The Ballad of Phil and the Bills

The City Paper interviewed Phil Bredesen.

He, um, has an interesting relationship with his mayoral successor:

No, I think it’s real. I mean I don’t dislike him or have some distaste for him. He had a very different style than I did, and spent what I thought was an inordinate amount of time explaining how he did things so much better than the previous administration, although I think most people looked at my years as a reasonably successful time in the city. That was irritating. But, you know, we get along fine. I see him at things, and we do that, but I sort of got the picture. See, I can talk about things now that I’m not in office. I sort of got the picture when I really worked hard the end of my time as mayor, which I also did as governor, to make sure there was plenty of dry powder financially. The way the city works is, um, is the tax collection goes into a debt service fund, and that debt service fund, that has a balance that you can use for that. So in other words, in any given instance, you’ve got the ability legally to issue out of $110 million worth of debt, and that — the council decides how to use it and also the mayor, so decide how to use that. Different from the way the state does it with much more of a single-project kind of thing.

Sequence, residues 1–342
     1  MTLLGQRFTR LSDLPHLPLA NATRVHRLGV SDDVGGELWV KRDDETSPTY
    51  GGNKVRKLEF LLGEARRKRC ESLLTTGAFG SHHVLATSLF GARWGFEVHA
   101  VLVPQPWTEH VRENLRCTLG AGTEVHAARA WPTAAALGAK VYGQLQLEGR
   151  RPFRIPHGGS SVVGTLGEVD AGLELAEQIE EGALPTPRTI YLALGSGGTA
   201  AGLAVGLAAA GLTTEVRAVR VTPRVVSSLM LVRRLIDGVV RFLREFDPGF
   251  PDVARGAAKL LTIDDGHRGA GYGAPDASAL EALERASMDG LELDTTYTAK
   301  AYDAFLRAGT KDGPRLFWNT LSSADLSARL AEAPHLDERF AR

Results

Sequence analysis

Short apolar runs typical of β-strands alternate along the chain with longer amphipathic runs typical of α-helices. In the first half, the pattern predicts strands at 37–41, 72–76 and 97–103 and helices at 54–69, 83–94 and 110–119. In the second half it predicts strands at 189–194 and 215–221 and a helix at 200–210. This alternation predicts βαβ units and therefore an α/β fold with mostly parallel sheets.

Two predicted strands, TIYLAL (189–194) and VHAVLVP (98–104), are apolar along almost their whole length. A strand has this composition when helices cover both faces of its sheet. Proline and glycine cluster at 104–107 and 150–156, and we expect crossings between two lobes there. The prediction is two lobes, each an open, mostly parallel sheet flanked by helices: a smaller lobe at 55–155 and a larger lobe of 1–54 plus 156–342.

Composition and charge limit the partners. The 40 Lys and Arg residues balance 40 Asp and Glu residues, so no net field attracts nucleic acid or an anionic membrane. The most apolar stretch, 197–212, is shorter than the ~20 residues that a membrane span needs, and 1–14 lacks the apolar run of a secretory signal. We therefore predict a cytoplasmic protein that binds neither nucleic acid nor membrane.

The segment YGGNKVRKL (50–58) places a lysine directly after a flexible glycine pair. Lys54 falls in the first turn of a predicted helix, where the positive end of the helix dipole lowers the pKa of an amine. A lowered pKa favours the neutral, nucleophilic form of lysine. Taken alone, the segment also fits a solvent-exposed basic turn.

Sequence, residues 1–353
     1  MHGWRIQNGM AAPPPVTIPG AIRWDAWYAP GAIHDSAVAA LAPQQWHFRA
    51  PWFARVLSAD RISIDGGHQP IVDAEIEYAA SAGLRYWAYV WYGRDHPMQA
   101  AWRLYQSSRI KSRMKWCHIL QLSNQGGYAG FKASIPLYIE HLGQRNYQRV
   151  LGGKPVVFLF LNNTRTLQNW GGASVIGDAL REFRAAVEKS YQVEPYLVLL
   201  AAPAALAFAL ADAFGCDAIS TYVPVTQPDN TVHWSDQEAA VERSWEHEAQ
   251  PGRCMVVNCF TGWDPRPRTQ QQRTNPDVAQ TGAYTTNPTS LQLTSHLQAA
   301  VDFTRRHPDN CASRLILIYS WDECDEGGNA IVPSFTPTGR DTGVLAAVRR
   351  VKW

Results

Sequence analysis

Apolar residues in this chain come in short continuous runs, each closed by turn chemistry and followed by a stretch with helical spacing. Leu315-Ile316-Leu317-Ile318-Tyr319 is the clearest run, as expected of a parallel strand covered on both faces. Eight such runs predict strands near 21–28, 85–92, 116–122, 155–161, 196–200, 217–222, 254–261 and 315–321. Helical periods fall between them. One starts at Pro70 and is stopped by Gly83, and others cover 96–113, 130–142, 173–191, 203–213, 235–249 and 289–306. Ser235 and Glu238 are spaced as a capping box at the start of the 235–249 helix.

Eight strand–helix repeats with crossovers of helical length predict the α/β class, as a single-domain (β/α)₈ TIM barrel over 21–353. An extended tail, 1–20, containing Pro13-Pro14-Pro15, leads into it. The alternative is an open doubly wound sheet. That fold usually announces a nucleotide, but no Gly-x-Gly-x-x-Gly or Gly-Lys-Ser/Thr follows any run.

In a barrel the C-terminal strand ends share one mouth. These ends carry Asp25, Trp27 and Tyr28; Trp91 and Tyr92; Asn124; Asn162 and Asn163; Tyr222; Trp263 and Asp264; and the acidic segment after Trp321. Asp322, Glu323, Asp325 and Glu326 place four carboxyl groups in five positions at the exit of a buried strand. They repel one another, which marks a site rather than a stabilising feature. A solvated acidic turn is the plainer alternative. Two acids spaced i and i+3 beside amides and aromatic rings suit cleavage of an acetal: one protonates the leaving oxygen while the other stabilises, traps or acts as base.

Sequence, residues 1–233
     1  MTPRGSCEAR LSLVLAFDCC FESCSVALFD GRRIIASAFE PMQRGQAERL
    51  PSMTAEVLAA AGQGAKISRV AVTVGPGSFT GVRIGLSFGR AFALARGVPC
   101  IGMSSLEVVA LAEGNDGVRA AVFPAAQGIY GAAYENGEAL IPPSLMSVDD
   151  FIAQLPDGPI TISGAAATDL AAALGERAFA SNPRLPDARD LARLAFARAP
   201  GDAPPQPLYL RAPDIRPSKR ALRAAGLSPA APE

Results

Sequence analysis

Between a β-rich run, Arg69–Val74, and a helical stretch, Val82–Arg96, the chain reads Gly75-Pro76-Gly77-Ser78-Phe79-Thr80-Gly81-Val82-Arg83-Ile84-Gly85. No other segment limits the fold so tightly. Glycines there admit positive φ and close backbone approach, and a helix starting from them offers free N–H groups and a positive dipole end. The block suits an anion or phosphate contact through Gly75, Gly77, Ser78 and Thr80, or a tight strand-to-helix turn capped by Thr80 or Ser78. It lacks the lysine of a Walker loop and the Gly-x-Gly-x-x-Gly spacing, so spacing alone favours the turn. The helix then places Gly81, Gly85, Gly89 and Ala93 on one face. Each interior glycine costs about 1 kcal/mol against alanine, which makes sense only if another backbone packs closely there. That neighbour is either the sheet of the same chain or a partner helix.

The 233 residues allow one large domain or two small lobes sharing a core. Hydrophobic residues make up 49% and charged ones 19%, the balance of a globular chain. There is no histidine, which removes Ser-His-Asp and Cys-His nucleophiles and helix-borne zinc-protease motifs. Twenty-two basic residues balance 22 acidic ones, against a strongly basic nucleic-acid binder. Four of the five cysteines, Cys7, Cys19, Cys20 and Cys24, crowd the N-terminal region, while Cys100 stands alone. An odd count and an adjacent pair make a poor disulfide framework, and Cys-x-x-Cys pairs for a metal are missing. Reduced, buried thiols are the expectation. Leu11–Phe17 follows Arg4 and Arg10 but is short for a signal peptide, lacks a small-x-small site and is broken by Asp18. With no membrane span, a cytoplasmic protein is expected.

So I left them with a really healthy balance. Whereas, the usual thing in the past has been the mayor cleans the cupboard out on his way out the door. I left them a really healthy balance. And I think he had not been in office six months before they spent all the balance, and they were doing all these things because they were so much better at running things than the previous administration.

That was probably the beginning of the certain test during that period of time, but I would say Haslam has not — has absolutely not done that. He’s bent over backwards. I mean, I left him in really good shape, and he’s acknowledged that, and he’s continued on a very sensible course.